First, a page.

Donlin Mine

At Risk of Losing Natural Habitat

For the past several years, Inletkeeper has joined forces with Tribes and others to protect fish habitat from the impacts of the proposed Donlin mine along the shores of the Kuskokwim River to the waters of Cook Inlet. Now, as we face a critical gas shortage in Cook Inlet, we are concerned about Donlin’s impact on the cost of energy for Alaskans.

splash graphic

Donlin Mine: No Good For Anyone

The Donlin Gold mine would be a massive open-pit complex next to the Kuskokwim River in southwest Alaska, and it presents sweeping risks to wild salmon habitat stretching from the west side of Cook Inlet, through the Susitna Valley drainage, and into the Kuskokwim watershed.

Mining Effects in Alaska

The Donlin mine poses an unprecedented threat to wild Alaskan salmon and the people and cultures who rely on them. The Kuskokwim is the most important subsistence river for Native Tribes in Alaska. Pollution discharges and habitat destruction from the mine pose serious threats to subsistence resources and the dozens of Native Villages they support.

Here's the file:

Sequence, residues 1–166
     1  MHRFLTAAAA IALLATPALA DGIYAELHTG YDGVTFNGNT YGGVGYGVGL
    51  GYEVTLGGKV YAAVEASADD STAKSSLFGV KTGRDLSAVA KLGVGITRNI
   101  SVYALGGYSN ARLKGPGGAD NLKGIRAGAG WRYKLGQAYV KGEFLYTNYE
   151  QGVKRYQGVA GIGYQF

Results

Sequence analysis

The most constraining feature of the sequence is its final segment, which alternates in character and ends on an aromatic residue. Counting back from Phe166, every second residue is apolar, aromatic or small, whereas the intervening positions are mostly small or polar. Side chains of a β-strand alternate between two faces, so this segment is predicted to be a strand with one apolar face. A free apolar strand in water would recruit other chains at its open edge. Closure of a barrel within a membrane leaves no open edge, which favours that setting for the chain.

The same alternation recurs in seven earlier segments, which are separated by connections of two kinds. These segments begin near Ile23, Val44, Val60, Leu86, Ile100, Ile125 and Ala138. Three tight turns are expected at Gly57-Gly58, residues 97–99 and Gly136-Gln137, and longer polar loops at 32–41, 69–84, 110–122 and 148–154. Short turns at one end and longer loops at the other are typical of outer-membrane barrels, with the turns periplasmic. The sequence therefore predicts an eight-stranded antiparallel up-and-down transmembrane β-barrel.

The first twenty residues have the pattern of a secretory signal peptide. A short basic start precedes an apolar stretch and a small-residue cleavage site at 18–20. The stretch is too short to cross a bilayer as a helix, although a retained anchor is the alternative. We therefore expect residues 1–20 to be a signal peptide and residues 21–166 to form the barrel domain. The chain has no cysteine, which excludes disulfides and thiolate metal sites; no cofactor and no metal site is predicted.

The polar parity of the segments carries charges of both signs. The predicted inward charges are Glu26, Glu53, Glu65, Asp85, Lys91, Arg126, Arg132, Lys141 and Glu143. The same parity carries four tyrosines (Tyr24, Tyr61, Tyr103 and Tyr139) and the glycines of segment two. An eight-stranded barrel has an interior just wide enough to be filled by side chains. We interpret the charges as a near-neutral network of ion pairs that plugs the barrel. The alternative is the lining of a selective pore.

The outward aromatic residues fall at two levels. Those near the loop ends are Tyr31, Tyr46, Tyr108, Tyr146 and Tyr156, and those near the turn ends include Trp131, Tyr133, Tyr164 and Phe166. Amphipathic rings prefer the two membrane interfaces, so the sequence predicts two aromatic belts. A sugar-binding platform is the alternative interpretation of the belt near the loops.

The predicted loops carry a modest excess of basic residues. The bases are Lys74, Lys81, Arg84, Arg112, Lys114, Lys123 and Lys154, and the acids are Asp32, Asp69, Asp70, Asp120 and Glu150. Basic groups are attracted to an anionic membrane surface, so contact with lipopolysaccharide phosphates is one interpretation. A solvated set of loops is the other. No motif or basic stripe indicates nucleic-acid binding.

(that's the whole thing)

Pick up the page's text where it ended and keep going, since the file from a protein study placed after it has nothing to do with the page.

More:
Furthermore, the natural gas pipeline needed to fuel the mine will impact hundreds of wild salmon streams along its 315 mile path from Cook Inlet, over the Alaska Range, to the mine site in the Kuskokwim basin. This corridor – pocked with airstrips, gravel pits and access roads – would open up motorized access to a vast acreage of untrammeled wildlands and create vulnerable pathways that will accelerate the spread of wild fires, invasive species and spruce bark beetle infestations in the Susitna Valley and beyond. Together, the mine complex and the gas pipeline create a broad array of threats to wild salmon never before seen in Alaska.

REPORT: Cook Inlet Natural Gas Market Outlook with Incremental Demand from Donlin Mine

Developed by: Mark A. Foster, Mark A Foster & Associates (MAFA)

Fish Swimming up Waterfall

Blogs on Mining Through the Years